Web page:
How to Have a Happy Halloween

In case you didn’t notice by the huge sacks of candy sitting in your house that you purchased to hand out to neighborhood children, or by the carved pumpkins, fake spiderwebs and plastic gravestones littering your neighborhood, it’s Halloween! The day where the veil between the living and the dead is thinnest, or something like that. Mainly a day where adults dress up and act moronic with justification, dentists dread the amount of work ahead of them, and tons of small-town teenagers with mediocre breasts get butchered in films. Yay!

Sarcasm aside, it’s one of my favorite holidays. Not because of the costumes or the parties or any of that. Probably because it’s a fairly low-responsibility holiday. It also comes with good memories of being a child. When I was real young, my dad always took me around. I had the standard outfits – the pumpkin, the ghost, the witch (apparently I was gender confused), the hobo, the gruesome fellow with a foam axe. All good times.

Halloween is also awesome because Hocus Pocus is on TV for 24 hours straight and I find the amount of jokes about breasts and virginity in that movie to be hilariously misplaced for a Disney film. Plus mini Thora Birch is funny.

I do have a few notes and suggestions I’d like to share with the world regarding Halloween. Please read carefully and follow them for a successful holiday:

ONE
To all parents who give out full-size candy bars – stop it. You’re making the rest of us look bad. Sure, I loved the full-size houses when I was little. I grew up in a pretty $$ neighborhood and would acquire a good many of them. But now that I’m an adult and poor and hand out banana Laffy Taffy because it’s what I can afford, I see that you’re just showing me up. Don’t be a bully, yo.

TWO
Teach your kids how to be polite. Teach them manners and actually pay attention to them while you’re out there.
Don’t let them run across my lawn – I have a walkway. If they do go through the grass, know that I intentionally didn’t pick up the dog poop for this very reason. Perhaps you can dwell on proper parenting while you scrub the schnauzer stool out of your household carpets.
Don’t let your kids grab and run. Tell them to say thank you.
Don’t let them show bad manners. Last year some kid took one of whatever we had, looked at it, put it back and said “I don’t like this, what else is there?” How about a punch in the eye you little bastard? Be grateful for the experience and the generosity of others. Swap with your sister or something. Or just don’t eat it. This can’t be the end of the world. Who in the history of Halloween ever liked every single piece of candy they received? At least I didn’t give you a toothbrush or an apple, you rude douche.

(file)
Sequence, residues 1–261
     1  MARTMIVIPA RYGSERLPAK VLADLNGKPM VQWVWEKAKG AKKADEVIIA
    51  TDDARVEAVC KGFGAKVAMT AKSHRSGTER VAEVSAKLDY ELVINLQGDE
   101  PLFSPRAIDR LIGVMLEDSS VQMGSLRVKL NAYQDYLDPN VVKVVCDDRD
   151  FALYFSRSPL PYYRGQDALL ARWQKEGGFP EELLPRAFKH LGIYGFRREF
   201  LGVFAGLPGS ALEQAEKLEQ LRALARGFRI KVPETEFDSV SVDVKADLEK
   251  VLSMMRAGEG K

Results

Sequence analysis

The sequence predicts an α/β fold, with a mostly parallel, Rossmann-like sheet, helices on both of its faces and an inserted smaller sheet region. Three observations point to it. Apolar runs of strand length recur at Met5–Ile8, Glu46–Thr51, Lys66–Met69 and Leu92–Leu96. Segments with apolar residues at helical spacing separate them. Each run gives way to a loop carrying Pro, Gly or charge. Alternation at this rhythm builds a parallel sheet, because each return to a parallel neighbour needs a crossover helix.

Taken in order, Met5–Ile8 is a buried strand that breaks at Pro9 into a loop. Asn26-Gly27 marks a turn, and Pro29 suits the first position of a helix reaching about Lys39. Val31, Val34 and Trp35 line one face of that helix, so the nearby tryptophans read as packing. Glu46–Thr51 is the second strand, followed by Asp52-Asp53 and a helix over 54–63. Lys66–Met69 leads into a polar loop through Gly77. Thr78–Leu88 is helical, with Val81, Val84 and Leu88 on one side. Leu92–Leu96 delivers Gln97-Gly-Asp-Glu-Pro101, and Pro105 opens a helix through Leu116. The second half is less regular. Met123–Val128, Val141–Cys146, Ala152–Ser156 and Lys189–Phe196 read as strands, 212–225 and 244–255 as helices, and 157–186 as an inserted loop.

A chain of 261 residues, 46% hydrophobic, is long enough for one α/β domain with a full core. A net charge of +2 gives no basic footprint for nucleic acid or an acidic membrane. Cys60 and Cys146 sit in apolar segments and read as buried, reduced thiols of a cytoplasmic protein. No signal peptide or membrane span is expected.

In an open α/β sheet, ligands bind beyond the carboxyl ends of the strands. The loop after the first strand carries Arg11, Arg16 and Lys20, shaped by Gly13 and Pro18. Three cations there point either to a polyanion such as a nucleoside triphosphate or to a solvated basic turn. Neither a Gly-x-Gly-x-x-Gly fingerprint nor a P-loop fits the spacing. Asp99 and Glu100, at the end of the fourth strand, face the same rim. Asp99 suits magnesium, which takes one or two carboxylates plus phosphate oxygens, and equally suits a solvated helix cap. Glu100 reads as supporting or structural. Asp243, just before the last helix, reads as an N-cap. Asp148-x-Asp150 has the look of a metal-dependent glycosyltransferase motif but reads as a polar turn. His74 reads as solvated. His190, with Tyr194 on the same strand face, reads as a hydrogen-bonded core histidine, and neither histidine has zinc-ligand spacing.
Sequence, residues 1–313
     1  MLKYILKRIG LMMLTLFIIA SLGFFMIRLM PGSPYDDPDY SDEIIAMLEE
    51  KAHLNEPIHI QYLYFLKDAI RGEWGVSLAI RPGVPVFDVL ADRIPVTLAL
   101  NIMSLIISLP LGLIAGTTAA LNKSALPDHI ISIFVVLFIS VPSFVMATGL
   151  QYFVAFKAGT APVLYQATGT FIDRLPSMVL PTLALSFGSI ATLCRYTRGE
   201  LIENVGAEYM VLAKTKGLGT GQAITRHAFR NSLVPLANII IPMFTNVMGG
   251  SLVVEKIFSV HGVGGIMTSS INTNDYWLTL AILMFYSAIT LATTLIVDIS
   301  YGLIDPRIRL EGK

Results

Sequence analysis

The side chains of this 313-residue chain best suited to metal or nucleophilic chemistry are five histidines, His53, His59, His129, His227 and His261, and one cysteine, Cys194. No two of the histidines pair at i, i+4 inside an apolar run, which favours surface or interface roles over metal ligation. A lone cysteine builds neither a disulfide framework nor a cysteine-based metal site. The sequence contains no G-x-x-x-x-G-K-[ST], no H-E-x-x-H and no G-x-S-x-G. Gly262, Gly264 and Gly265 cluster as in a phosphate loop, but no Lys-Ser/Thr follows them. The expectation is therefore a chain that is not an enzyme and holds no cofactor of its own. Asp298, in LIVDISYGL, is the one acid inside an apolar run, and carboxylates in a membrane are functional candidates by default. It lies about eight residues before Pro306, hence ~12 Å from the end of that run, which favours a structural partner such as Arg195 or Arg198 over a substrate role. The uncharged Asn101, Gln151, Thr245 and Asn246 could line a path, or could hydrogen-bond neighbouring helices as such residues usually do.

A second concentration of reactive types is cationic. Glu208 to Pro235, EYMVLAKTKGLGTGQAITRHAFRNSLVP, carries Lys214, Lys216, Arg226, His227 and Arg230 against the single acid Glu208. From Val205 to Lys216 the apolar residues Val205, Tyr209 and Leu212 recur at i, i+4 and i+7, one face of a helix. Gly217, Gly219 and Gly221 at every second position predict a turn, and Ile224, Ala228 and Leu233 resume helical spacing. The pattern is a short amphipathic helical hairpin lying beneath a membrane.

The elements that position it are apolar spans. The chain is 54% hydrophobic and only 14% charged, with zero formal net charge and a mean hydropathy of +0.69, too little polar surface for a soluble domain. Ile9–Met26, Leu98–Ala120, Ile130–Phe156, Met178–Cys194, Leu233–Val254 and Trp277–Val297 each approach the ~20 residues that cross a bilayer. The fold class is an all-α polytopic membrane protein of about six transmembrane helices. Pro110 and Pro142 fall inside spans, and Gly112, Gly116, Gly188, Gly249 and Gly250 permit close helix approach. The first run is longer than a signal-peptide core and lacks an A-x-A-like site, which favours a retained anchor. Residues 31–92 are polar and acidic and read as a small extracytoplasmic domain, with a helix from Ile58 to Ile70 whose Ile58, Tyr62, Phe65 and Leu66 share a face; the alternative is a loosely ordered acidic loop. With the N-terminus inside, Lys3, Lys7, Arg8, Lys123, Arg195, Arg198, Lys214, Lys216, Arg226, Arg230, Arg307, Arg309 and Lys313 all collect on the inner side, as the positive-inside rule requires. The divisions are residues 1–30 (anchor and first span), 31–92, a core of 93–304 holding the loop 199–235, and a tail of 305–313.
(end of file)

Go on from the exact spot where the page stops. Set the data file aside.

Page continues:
THREE
If you are in high school, I don’t particularly care if you’re still out there going through the motions. I’ll hook you up. Just do me a favor and put a little effort into it. Walking around wearing your letterman jacket and normal everyday clothes as you dress up as a “jock” while your dumb girlfriend wears her normal everyday clothes and dresses as a “slut” isn’t really playing the game. I bought this candy for monsters, goblins, pumpkins, vampires, etc. Not peckerface high schoolers who think they’re being awesome by running around filling pillowcases with early onset diabetes. I’m liable to not even give you a Laffy Taffy, but instead give you one of those little plastic twist tie bags that always have the worst candy in them. Except I’ll fill it with stuff from the bottom of my parakeets’ cage.

FOUR
Pay attention to the Trick or Treat hours in your town. If you show up to my house two hours after it has ended, the experience might be more akin to when Ace Ventura showed up at Ray Finkle’s parents house.

FIVE
If you are a rebellious teenager, don’t go around and smash people’s pumpkins and/or decorations.  Don’t TP their trees, either.  This sort of bullcrap used to happen to my house when I was little because I wasn’t “cool.”  People work hard on their decorations and pumpkins to make the experience more festive for everyone.  Keep it that way.  The thrill will end for you in seconds, but the upset will stick with the victims longer.

SIX
If your child is still too small to really know what is going on but spends a lot of their time misbehaving and making your life more challenging than it ought to be, this is your chance to get back at them within the confines of social acceptance. Take a look at some of these baby/small child costumes Target has to offer:

My parents have high hopes for me. Put the candy in my bowl!
How am I supposed to hold my candy bucket?
Everything about this is gross.
I am currently making all sorts of poop in this sack.
I swear my parents love me.
Why did they model the blackest baby they could find in this banana?
Next year I'm going to dress up as a kid whose Halloween costume got him beat up last year.
I should have stayed a caterpillar.
What the HELL is wrong with Michelle Obama?

Seriously – have a happy Halloween, everyone. It’s a fun holiday and I hope everything goes well for you, whether you are on your way to a party, taking a youngster around for the evening or handing out candy at home. Be safe and have fun.

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